The Economics of Trust → Washingtons Blog
The Economics of Trust - Washingtons Blog

Sunday, December 14, 2008

The Economics of Trust

I have previously argued that the economy cannot recover until we restore trust in our government, our leaders and our systems. This essay provides further evidence in support of that argument.

The Economics of Trust

Forbes wrote an article in 2006 entitled "The Economics of Trust". The article summarizes the importance of trust in creating a healthy economy:

Imagine going to the corner store to buy a carton of milk, only to find that the refrigerator is locked. When you've persuaded the shopkeeper to retrieve the milk, you then end up arguing over whether you're going to hand the money over first, or whether he is going to hand over the milk. Finally you manage to arrange an elaborate simultaneous exchange. A little taste of life in a world without trust--now imagine trying to arrange a mortgage.

Being able to trust people might seem like a pleasant luxury, but economists are starting to believe that it's rather more important than that. Trust is about more than whether you can leave your house unlocked; it is responsible for the difference between the richest countries and the poorest.

"If you take a broad enough definition of trust, then it would explain basically all the difference between the per capita income of the United States and Somalia," ventures Steve Knack, a senior economist at the World Bank who has been studying the economics of trust for over a decade. That suggests that trust is worth $12.4 trillion dollars a year to the U.S., which, in case you are wondering, is 99.5% of this country's income. ***

Above all, trust enables people to do business with each other. Doing business is what creates wealth. ***

Economists distinguish between the personal, informal trust that comes from being friendly with your neighbors and the impersonal, institutionalized trust that lets you give your credit card number out over the Internet.

America in the last 7 years or so has undermined both personal trust in our leadership (Bush, Cheney and Congress are the least popular president, VP and congress in history). Moreover, Americans trust in our institutions - institutionalized trust - has also collapsed.

Surveys show that Americans' trust in our government and in governmental and financial systems has plummeted after the government's failure to stop the 9/11 attacks, lying about Iraqi WMDs, letting New Orleans drown in Hurricane Katrina, spying on Americans and torture.

Americans no longer trust the politicians, the justice system, their ability to obtain liberty, or the media. They sure don't trust the bankers and the financial bigwigs, who they rightfully blame for bringing on the financial crisis.

Indeed, if our leaders aren't following the Constitution or the rule of law, and are lying about what they're doing, why should we believe that they are enforcing the rules of a free market? Everywhere we look, we see that those with power act as if they were above the law. It is true of banks and Wall Street giants, as well as politicians.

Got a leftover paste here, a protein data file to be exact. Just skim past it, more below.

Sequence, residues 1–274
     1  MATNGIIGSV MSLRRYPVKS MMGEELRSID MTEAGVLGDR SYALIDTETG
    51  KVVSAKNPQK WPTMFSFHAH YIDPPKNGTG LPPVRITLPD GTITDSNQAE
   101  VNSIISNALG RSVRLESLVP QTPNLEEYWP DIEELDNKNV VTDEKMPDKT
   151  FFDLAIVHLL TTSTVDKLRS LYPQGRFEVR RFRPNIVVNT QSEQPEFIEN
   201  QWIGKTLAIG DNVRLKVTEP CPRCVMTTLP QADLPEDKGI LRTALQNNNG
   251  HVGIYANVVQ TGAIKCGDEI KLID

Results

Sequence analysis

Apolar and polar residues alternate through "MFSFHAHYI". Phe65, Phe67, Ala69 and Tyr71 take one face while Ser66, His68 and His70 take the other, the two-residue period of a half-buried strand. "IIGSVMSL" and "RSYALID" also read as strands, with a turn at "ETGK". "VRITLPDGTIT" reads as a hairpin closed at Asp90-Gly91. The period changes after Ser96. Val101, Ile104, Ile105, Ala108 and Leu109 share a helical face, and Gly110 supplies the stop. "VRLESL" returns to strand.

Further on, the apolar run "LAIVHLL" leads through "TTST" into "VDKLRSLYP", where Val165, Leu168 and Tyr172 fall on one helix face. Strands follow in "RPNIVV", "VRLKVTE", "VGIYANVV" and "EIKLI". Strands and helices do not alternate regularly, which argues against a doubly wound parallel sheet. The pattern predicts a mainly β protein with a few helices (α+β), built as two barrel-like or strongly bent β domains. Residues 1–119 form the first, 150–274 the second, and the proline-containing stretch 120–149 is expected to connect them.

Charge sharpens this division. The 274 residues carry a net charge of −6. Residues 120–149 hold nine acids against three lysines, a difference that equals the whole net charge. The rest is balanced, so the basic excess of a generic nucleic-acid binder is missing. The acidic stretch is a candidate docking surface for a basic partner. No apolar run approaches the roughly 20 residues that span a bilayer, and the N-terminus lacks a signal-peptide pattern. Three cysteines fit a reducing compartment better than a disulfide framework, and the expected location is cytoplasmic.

Many people may not know it yet, but the current financial crisis will likely be worse than the Great Depression. See this and this. It will be the worst financial crisis America has ever faced.

Is it any coincidence that it is coming during the same time frame in which the Constitution, the rule of law and international law on torture and warfare have been abandoned? I don't believe so. I believe that the collapse of trust from all of these events has created a crash of the most important bubble of the last 200 years: the idea of government by laws instead of arbitrary people, of representative government, and of a free market. All of these innovations occurred in the 18th century.

The bubble created by the Constitution and the Bill of Rights, Adam Smith's idea of the free market - and all the prosperity which those ideas enabled - has popped. (It may just be coincidence, but it is interesting that Elliot Wave theorists are predicting that we are ending a larger cycle which started in 1718, and that we could crash all the way back to that point. 1718 is right before Adam Smith wrote about the free market and the Founding Fathers wrote the Constitution and formed America).

Unless we try and convict those responsible for attacking the Constitutional form of government and the free market, we cannot restore trust.

Afterword: Trust by Other Countries

As an afterword, it should be remembered that foreign investors in America - like China, Japan, Saudi Arabia, the UAE and others - invested in the U.S. because they believed that the U.S. economy was strong and that the financial systems were both efficient and transparent. As Peter Schiff and others have warned for years, foreign investors will start pulling out of the U.S. economy when they figure out that it is built on a house of cards.

That is now happening.

China's sovereign wealth funds will cut way back on their U.S. investments. The same is true for Saudi and other investors. Now that they finally understand that America's seeming wealth was a house of cards and that they cannot trust American accounting, they no longer want to do as much business with America.

Until America restores trust by speaking accurately about what is occurring, foreign investors will not want to invest large sums of capital in America. Indeed, no one wants to invest in a banana republic . . . and the U.S. has become a banana republic.

Telling the truth about torture, war-lies and 9/11 is a good start (in addition - obviously - to making accounting and rating transparent). For the rest of the world knows the truth, and seeing the U.S. honestly address these festering wounds will help them regain trust in America.